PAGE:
GAO U.S. Agencies Are Not Able to Fully Account for U.S. Nuclear Material Located at Foreign Facilities

DOE, NRC, and State are not able to fully account for U.S. nuclear material overseas that is subject to nuclear cooperation agreement terms because the agreements do not stipulate systematic reporting of such information, and there is no U.S. policy to pursue or obtain such information. Section 123 of the AEA, as amended, does not require nuclear cooperation agreements to contain provisions stipulating that partners report information on the amount, status, or location (facility) of special nuclear material subject to the agreement terms. However, U.S. nuclear cooperation agreements generally require that partners report inventory information upon request, although DOE and NRC have not systematically sought such data. We requested from multiple offices at DOE and NRC a current and comprehensive inventory of U.S. nuclear material overseas, to include country, site, or facility, and whether the quantity of material was rated as Category I or Category II material. However, neither agency has provided such an inventory. NMMSS does not contain the data necessary to maintain an inventory of U.S. special nuclear material overseas. DOE, NRC, and State have not pursued annual inventory reconciliations of nuclear material subject to U.S. cooperation agreement terms with all foreign partners that would provide the U.S. government with better information about where such material is held. Furthermore, according to DOE, NRC, and State officials, no U.S. law or policy directs U.S. agencies to obtain information regarding the location and disposition of U.S. nuclear material at foreign facilities.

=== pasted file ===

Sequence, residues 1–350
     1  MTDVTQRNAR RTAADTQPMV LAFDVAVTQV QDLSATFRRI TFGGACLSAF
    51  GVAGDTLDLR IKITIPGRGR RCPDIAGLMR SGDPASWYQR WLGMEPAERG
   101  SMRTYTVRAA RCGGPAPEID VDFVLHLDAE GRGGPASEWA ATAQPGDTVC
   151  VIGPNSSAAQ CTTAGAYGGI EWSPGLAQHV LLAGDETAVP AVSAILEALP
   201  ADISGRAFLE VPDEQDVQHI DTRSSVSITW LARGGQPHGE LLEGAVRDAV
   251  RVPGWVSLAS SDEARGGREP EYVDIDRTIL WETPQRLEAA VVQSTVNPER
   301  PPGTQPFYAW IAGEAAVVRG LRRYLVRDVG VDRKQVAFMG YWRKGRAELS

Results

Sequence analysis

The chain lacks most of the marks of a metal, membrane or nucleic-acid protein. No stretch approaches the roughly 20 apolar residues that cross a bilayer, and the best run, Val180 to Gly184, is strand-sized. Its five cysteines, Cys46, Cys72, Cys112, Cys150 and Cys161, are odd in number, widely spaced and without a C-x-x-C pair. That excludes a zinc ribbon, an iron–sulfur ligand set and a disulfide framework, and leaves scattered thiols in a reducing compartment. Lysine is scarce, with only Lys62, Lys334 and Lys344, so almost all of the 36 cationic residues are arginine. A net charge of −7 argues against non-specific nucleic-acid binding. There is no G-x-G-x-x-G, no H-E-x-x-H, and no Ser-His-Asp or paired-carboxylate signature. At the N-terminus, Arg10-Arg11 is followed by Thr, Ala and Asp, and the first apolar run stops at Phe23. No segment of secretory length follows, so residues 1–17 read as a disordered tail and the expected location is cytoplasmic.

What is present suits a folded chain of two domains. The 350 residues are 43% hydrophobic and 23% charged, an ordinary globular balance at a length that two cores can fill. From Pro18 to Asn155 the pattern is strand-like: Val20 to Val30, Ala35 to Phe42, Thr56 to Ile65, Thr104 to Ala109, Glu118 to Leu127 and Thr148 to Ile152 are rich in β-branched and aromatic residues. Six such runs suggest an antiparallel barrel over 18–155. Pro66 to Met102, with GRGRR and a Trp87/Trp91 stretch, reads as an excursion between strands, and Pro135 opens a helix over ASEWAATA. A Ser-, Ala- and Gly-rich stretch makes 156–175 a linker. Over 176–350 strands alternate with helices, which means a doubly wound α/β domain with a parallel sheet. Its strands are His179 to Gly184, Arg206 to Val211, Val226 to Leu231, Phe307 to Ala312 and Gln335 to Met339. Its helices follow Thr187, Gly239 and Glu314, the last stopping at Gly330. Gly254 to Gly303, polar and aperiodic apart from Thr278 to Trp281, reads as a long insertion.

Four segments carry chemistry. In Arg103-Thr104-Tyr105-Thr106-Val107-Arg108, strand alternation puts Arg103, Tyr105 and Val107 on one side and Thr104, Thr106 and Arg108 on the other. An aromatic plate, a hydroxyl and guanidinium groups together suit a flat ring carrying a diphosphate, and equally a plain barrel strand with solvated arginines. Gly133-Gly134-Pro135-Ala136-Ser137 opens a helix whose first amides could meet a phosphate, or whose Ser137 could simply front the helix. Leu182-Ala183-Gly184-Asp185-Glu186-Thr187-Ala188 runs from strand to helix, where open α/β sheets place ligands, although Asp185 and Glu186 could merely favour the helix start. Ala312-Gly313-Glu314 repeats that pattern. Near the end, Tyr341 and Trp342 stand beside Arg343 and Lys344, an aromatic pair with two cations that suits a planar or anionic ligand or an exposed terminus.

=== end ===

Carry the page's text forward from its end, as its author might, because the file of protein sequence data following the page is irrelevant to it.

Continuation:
DHS Partners With NFL Teams, MLB Teams and Universities to Promote Suspicious Activity Reporting